by Curlan Campbell, NOW Grenada
- 580-panel Solar Photovoltaic (PV) system installed at TAMCC
- College projects annual saving of EC$160,000
Colleges and universities use a huge amount of energy daily to operate, which can amount to a high monthly electricity bill.
TA Marryshow Community College (TAMCC) has opted to go green by employing a sustainable alternative method to reduce its monthly bill. Since February 2019 the services of engineering, procurement and installation company, Gearing Up Limited, alongside the team at Grenlec and faculty and staff of the School of Applied Arts and Technology has worked tirelessly to complete the installation of the 580-panel Solar Photovoltaic (PV) system on the roof of the college.
The PV system will generate 200 kW (kilowatts) of energy which is tied into the 3-phase system and will produce approximately 320 MWh (megawatt-hours) power per year. Not only will TAMCC consume the electricity generated to run the institution, but it will also be supplying the excess power to the grid for domestic use. This excess electricity will be sold to Grenlec.
“Every month the execution should be about 351 kilowatts and it will be sold to Grenlec at 45¢ per kilowatt. So far up to the month of August, we have sold $43,970 to Grenlec which we are in partnership with, and they are also here to assist us to make sure the supply of solar energy is available at the right rate and moves at the right kilowatt,” said Patricia Benjamin, Instructor at the Electrical Technology Department, who played a pivotal role during the installation.
Just to put into perspective the level of energy generation potential of the college, an average domestic household will utilise around 15 kW per day, and with the newly installed PV system, the college will generate enough energy to power 50 to 60 households annually.
Grant funding under the Support for Small Island Developing States (SIDS-DOCK) Support Programme of US$600,000 was obtained by the Government of Grenada towards the financing of the Solar Photovoltaic (PV) Demonstration and Scale-up Project. The funding was channelled through the International Bank for Reconstruction Development (IBRD) World Bank.
The Support Programme for Small Island Developing States (SIDS-DOCK), is a multi-donor trust fund within the World Bank’s Energy Sector Management Assistance Program (ESMAP). According to their mandate, the department is dedicated to creating an enabling regulatory and institutional environment to remove barriers on the implementation of renewable energy and energy efficiency policy reforms, based on international best practices, and implementation of renewable and energy efficiency projects that demonstrate the potential for the use of commercial-scale PV systems in the Caribbean through pilot projects scale-up through climate finance and other sources of funding.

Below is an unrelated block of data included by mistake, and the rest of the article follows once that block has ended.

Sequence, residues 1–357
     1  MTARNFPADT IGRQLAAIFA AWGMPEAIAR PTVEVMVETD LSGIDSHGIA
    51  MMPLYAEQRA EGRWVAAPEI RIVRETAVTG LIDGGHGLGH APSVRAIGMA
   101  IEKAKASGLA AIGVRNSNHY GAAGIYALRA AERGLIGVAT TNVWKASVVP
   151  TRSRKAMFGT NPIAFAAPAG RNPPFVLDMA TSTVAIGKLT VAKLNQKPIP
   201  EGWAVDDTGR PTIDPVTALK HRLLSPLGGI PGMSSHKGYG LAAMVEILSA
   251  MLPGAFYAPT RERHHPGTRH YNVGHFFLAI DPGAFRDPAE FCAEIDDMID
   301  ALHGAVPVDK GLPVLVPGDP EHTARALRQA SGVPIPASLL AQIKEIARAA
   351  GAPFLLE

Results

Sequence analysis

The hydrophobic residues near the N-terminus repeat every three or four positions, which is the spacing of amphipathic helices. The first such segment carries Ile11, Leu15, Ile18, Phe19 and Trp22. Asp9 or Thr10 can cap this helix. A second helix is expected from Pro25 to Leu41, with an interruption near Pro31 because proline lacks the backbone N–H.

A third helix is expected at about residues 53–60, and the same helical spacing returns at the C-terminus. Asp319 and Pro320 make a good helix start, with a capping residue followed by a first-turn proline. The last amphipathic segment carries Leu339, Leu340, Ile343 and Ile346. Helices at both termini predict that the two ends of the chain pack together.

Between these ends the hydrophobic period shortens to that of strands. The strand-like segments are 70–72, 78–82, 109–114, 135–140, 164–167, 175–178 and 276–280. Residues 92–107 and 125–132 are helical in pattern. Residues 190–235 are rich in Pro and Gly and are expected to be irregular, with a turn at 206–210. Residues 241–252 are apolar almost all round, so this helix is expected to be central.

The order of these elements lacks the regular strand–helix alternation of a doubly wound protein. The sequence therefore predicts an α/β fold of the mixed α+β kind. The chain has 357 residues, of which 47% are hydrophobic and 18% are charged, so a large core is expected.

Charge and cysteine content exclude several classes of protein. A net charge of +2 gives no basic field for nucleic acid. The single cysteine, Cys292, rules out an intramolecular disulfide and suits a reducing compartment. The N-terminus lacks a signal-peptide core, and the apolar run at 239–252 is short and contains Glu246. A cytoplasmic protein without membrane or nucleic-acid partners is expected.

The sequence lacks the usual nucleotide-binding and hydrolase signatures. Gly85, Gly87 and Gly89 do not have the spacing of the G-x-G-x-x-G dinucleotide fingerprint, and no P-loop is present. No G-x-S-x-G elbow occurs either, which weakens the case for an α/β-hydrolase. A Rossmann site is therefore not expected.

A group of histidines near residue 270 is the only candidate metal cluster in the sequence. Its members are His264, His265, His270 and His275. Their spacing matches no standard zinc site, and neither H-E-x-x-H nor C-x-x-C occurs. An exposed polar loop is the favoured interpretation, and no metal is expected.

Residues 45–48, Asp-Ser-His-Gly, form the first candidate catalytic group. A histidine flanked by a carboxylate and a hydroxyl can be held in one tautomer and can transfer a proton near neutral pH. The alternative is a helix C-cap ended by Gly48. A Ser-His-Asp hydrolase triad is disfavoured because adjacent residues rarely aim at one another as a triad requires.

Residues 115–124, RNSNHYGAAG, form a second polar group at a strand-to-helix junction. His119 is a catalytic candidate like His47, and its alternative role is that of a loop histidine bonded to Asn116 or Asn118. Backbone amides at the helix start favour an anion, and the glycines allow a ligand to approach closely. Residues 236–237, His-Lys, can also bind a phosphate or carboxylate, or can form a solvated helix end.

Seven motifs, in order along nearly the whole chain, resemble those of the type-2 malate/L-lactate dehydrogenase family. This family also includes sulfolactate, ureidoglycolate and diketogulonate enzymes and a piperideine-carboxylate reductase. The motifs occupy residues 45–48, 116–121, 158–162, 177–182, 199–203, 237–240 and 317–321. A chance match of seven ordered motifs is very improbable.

It is projected by the college that they will see an annual saving of $160,000. Benjamin is hopeful that the reduction in the college’s energy bill can hopefully translate into tangible education grants or capacity building for students and faculty members.
In addition to monthly savings, TAMCC recently sent two lecturers — Clement Commodore and Edward Heyliger both lecturers within the electronic department — to Saint Lucia to complete a training course to be certified under the North American Board of Certified Energy Practitioners (NABCEP) certification programme which offers professional certification and accreditation photovoltaic system design and installation.
“I am one of the lecturers in TAMCC who do part of the lecturing for renewable energy. We have courses and programmes where we teach renewable energy some of which are the electrical students, the commercial refrigeration, heating, and air conditioning programme (HVAC) students, and electronic students. We hope to spread this renewable energy throughout all the other programmes within the School of Applied Arts and Technology. However, we are starting with programmes which are more directly tied with the solar PV installation itself,” said Commodore.
Heyliger is of the view that this will assist the college to improve on its course offering to students with regards to the implementation of sustainable renewable energy. “This training will certainly go a long way to helping us improve the quality of the courses and there is quite a lot of practical insight that we got and we look forward to having it improve the quality of the programme. It contributed a lot to my personal understanding of what is going on in the industry across the Caribbean which I found really valuable.”
Two officials from the Ministry of Works, Oketo Peters and Paul Phillip, were also part of the training.
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